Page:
Look, I don’t doubt for one moment the degree of Redknapp’s physical suffering. Having been plagued by cartilage problems in the last few years, I’ve experienced the dreadful pain these joints can inflict on a man. Compassion, therefore, must be in order.

And yet I remain far from convinced that it was solely his infirmity that inclined him towards departure gate. It was only last October, after all, he was quoted as saying: “I’m first one out on that training ground every single day. Every day. Anybody who says I’m not is lying. I’m in this ground 07.30 every morning. Everybody can bring their cameras any day of the week, when the players are out there, I’m there.”

Besides, if he was so debilitated by his knees and therefore considering resignation, why was he even bothering to effect a January window signing? How would he have squared it with Adebayor or Defoe if they had arrived, only to see him limping out the door clutching his P45?

Moreover, assuming his relationship with Fernandes was as sound as the pound he claimed it to be, couldn’t he have asked for time off in order to have surgery? After all, he was forever telling anyone who would listen that Kevin Bond and company were perfectly capable deputies in the event of his absence.

Now I’m afraid, unlike some of my former Fleet Street colleagues, I’m unable to swallow that explanation. I have conducted my own inquiries and, as far as I can discern, his position was rapidly becoming untenable.

I understand Les Ferdinand’s appointment as Head of Football Operations last October was the prelude to much pressure being applied to the manager. Whereas his preference was to throw money at the situation, the owner urged Ferdinand to pursue a youth policy.

According to insiders, Redknapp and the former QPR striker were not at all close and found it difficult to establish any kind of relationship, particularly as Ferdinand seemed to be in charge of the transfer kitty.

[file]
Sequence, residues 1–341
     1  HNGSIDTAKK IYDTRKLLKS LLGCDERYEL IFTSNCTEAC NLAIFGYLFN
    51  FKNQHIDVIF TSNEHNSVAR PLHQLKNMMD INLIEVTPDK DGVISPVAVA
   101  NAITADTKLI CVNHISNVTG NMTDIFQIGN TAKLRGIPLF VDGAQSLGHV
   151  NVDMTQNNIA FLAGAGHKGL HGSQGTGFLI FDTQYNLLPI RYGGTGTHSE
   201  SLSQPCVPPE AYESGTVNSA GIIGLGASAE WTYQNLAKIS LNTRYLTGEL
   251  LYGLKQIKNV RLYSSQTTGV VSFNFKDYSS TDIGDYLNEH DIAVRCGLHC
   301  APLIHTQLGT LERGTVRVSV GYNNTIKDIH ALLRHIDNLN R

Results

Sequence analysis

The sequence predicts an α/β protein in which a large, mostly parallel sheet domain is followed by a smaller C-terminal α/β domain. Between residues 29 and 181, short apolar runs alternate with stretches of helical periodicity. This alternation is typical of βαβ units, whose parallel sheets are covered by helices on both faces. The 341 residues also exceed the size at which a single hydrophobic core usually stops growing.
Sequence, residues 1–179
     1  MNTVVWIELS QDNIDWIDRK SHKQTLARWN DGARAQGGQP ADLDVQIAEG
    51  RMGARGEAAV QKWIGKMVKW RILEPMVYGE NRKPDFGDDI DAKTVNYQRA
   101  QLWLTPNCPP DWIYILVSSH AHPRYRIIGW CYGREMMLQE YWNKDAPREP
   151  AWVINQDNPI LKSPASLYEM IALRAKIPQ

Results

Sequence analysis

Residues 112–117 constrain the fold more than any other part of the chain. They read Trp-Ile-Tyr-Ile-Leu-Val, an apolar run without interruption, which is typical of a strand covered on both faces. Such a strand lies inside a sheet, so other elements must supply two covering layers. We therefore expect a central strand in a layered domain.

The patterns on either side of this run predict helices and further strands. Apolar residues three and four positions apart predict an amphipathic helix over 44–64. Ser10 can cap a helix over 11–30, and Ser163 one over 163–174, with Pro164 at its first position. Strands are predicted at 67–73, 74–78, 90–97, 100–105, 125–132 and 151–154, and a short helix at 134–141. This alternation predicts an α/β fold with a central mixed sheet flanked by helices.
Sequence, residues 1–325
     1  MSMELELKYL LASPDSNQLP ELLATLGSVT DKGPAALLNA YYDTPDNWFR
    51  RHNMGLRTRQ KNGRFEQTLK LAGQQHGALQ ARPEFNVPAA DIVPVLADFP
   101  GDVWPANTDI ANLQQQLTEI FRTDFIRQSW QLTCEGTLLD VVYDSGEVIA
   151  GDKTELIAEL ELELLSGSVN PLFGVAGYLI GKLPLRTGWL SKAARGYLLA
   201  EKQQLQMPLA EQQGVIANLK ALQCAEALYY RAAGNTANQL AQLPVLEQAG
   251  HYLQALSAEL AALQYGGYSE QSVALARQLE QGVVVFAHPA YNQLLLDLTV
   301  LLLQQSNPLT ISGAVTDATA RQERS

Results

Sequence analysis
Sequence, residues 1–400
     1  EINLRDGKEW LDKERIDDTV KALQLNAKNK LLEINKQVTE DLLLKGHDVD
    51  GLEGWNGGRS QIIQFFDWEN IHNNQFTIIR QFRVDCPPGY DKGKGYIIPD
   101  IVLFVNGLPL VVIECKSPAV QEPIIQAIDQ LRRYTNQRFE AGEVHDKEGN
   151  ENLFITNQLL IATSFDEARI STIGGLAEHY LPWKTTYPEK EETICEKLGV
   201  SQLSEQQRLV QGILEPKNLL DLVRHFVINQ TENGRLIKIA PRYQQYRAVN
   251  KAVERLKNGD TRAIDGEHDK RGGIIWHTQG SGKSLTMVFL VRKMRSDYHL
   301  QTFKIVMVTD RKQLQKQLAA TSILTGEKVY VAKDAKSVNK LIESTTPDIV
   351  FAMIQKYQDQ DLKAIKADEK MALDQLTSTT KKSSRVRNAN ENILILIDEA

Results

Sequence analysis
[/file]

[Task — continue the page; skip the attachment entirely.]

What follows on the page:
H, having been round the block more times than a road runner, sensed he was being marginalised. And the marginalisation wasn’t restricted to the political battlefield.

There was a dispute with Glenn Hoddle – a friend of Harry’s, incidentally – over tactics. Harry wanted to play 3-5-2. Hoddle told him the players weren’t able enough and it was he who won the day when the team resorted to 4-4-2.

Even with the conventional system, the results were poor. Harry’s health, distinct from the state of his knees, was not what it should be, either. He admitted to people a month or so ago that he was “knackered.” So, I imagine that he took the easiest exit door and resigned before the inevitable occurred.

Life in the pressure cabin of Premier Division management could not have been easy for the 67-year-old. But, in my opinion, his explanation didn’t ring strictly true. It offended instincts.

I’m just surprised that it didn’t register with some people in Fleet Street. They should have known far better. Might they have been seduced by the quixotic Face One of Harry Redknapp?